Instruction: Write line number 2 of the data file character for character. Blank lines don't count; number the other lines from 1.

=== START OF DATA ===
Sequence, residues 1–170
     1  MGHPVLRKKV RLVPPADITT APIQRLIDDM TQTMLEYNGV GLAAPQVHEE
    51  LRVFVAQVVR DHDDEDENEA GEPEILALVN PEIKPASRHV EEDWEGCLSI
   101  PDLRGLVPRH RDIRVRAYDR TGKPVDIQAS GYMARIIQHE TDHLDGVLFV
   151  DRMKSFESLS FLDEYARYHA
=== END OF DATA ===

     1  MGHPVLRKKV RLVPPADITT APIQRLIDDM TQTMLEYNGV GLAAPQVHEE